Long before the phrase “white privilege” crept into the national lexicon, my parents raised me in Sanger to believe that – as a Mexican American – I had to be twice as smart and work twice as hard just to be considered on par with white counterparts. This is standard operating procedure for Latino and African American parents.
Graduating from high school in the 1950s and ’60s, my parents’ generation was denied good schools, jobs, promotions, home loans and more because of their race and ethnicity.
Instead of being angry and bitter, the elders plowed ahead and raised their children to think that, if they far out-distanced the competition, it would be harder for The Man to rob them of what they earned.
Apparently, Abigail Fisher was given a very different message growing up. She must have been told that mediocre was good enough and that, if she felt victimized, she could always hire a lawyer and make a federal case out of it.
Never miss a local story.
Boy, did she. Denied admission to the University of Texas at Austin in 2008, Fisher sued the school and claimed that – because she was white – she had been wronged by reverse discrimination. Her case made it all the way to the Supreme Court.
Fisher was only victimized by two things: meritocracy and math. She lacked the academic chops to be admitted on her own steam. And given that UT-Austin – with its 52,000 students – is just 4.5 percent African American and 22 percent Latino, it is statistically far more likely that she was beaten out by another white person than by a person of color.
Back then, UT-Austin set aside about three-fourths of its available slots to students who graduated in the top 10 percent of their high school classes. (Today it is the top 8 percent.) The remaining one-fourth were allotted under a separate process where admissions officers weighed several personal factors including race, ethnicity and socioeconomic status.
Fisher’s grades and test scores weren’t good enough for her to be admitted under the first category; she graduated in the top 12 percent. Theoretically, she could have still been admitted under the second category if her personal story had been especially compelling, interesting and unique. We can assume it was none of those things because she was rejected.
People cope with failure in different ways. Some people go to a therapist. Fisher went to court.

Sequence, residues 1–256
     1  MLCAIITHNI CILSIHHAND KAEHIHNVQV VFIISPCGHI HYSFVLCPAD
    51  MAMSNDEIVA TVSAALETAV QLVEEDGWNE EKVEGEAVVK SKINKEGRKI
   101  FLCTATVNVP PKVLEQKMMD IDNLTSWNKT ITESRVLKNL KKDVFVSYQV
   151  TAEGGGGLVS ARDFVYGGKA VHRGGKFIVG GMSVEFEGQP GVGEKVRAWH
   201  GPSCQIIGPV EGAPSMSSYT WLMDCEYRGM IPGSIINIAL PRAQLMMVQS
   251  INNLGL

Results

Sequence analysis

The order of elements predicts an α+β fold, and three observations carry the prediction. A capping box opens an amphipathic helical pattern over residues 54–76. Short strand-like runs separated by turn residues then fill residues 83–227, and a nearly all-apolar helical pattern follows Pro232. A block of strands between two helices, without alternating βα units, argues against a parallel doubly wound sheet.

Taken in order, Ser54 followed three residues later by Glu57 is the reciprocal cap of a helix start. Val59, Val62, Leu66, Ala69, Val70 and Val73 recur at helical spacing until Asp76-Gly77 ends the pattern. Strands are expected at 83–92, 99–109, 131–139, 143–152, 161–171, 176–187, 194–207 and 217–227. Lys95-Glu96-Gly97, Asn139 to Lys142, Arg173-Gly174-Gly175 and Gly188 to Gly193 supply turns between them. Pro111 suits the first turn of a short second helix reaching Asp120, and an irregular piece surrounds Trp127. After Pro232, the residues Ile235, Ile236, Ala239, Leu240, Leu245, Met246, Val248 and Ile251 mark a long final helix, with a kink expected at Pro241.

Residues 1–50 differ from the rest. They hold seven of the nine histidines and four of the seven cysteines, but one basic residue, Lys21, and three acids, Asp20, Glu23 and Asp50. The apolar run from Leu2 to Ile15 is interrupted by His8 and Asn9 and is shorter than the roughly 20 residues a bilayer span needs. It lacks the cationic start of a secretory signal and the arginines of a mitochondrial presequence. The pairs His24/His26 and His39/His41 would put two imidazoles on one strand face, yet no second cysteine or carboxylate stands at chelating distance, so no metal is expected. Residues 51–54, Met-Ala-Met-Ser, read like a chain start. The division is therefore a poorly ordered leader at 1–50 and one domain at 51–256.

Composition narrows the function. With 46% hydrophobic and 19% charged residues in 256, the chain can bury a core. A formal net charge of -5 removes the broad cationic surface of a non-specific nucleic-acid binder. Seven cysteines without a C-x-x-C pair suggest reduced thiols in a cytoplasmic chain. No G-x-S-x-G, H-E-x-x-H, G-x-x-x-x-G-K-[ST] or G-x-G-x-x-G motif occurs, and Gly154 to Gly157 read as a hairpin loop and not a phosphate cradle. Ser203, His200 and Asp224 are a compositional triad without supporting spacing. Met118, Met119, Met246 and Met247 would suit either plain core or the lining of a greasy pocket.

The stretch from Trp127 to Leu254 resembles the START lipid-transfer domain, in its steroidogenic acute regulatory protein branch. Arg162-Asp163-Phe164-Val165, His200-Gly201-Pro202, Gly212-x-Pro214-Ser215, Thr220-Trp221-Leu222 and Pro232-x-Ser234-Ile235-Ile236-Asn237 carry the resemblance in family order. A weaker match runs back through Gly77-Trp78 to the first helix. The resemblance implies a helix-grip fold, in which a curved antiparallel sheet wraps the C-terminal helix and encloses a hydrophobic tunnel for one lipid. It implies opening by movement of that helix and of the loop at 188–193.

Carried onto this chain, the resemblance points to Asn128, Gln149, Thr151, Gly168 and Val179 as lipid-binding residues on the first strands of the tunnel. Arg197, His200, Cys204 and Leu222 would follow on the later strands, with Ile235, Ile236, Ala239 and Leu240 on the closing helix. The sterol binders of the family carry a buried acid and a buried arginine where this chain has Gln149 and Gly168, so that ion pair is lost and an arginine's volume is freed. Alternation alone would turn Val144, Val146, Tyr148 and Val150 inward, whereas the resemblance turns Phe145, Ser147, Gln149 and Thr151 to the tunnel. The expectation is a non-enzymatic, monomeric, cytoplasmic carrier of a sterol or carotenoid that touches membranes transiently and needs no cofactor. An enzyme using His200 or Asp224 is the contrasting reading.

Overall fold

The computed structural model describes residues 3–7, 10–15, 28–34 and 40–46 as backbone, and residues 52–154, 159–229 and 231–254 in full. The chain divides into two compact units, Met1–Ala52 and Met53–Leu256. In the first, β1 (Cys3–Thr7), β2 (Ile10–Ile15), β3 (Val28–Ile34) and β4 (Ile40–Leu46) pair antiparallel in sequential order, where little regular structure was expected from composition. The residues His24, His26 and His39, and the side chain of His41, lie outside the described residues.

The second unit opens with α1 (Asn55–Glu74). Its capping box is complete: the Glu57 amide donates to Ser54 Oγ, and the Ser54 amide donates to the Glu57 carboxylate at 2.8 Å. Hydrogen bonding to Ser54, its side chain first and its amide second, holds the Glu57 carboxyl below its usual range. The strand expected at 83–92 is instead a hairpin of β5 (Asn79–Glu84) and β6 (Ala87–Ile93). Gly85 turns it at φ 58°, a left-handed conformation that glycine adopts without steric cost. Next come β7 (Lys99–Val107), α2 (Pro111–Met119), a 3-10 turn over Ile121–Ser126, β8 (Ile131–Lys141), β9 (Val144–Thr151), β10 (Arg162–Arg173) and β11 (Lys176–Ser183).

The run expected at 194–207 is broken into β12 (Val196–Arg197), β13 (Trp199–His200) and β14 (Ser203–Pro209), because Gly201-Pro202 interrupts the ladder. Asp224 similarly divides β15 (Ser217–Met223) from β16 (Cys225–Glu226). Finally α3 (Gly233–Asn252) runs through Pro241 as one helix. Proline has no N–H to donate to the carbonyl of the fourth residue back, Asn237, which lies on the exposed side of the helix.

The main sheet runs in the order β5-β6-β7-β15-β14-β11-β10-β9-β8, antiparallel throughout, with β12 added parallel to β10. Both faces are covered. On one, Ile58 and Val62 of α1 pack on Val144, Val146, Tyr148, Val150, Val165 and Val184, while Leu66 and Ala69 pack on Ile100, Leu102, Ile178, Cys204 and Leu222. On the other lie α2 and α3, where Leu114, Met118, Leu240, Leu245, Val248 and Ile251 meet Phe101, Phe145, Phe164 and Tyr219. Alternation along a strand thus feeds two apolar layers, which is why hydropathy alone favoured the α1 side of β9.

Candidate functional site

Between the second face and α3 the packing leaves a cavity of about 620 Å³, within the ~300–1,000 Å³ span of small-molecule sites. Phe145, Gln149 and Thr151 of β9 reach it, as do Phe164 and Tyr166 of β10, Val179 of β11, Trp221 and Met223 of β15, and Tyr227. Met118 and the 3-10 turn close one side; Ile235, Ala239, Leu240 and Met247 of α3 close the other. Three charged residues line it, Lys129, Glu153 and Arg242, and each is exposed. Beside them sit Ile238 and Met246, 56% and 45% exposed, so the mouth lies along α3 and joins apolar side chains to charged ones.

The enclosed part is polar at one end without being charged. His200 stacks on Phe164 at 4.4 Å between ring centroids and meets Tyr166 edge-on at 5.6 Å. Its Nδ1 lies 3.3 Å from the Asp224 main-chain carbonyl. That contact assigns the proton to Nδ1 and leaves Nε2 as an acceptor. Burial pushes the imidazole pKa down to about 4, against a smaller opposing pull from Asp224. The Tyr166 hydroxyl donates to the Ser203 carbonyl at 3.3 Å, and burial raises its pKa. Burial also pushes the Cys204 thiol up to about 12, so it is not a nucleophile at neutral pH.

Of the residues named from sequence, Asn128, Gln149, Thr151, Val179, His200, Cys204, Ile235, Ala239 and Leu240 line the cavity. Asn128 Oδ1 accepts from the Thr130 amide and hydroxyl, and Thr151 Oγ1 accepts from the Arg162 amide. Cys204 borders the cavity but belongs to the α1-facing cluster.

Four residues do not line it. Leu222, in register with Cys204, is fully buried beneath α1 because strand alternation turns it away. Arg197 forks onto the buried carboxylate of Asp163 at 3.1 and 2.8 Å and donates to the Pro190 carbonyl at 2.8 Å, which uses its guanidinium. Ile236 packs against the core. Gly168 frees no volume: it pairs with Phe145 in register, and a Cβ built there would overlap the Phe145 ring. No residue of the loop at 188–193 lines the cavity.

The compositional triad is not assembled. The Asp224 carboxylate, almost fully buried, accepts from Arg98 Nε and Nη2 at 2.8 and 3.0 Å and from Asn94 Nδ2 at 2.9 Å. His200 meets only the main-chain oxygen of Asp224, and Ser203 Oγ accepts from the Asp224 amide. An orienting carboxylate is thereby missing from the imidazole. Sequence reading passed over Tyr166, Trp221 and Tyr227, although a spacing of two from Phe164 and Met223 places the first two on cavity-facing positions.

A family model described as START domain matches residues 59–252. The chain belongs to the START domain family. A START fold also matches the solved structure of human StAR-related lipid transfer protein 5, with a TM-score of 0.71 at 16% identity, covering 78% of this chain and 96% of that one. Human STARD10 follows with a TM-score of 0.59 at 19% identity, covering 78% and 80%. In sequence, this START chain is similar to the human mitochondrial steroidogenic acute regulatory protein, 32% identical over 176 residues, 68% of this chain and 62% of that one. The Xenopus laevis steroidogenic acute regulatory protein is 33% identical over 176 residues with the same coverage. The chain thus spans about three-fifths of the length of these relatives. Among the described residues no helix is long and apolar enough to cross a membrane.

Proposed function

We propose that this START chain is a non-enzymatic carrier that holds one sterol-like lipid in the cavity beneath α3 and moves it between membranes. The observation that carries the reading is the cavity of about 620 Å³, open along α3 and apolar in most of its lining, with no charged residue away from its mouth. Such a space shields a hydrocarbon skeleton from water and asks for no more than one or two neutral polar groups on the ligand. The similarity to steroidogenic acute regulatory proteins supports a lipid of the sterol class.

Last week, eight years after the lawsuit was filed, the high court – by a vote of 4-to-3 – put a merciful end to this self-indulgent drama. They ruled in favor of the university and sent a message that admissions officers may continue to consider race as one factor among many in pursuit of a diverse student body.
Higher education in Texas could use more diversity. While African Americans and Latinos together account for nearly half of the state’s population, they make up only about a quarter of the student population at UT-Austin.
Imagine the time, money and effort that could have been spared if Fisher’s parents had done a better job of teaching her to own up to her shortcomings and not be so quick to play the victim.
That’s how I was raised. During my senior year in high school, as I applied to a handful of extremely competitive universities, it just never occurred to me that – if things didn’t go my way – I should file a lawsuit and take it all the way to the Supreme Court.
Imagine how much more productive this national conversation could have been if we had focused instead, over the last eight years, on the real problem with taking race and ethnicity into account in college admissions. It is not that the practice magically leads to systematic 1960s-style, across-the-board discrimination against whites.
Rather, it is that often any such accommodation has the unintended consequence of hurting beneficiaries by weakening standards, camouflaging inequalities at the K-12 level, dampening students’ incentive, stigmatizing recipients, and propping up an unhealthy racial and ethnic spoils system that benefits few while underserving many.
That’s the dialogue around racial and ethnic preferences that we need to have in this country. But we never get around to it. That’s because we’re too busy responding to the ludicrous claims of litigious underachievers like Abigail Fisher.
Ruben Navarrette Jr., formerly of Sanger, writes for the Washington Post Writers Group. His email address is email@example.com.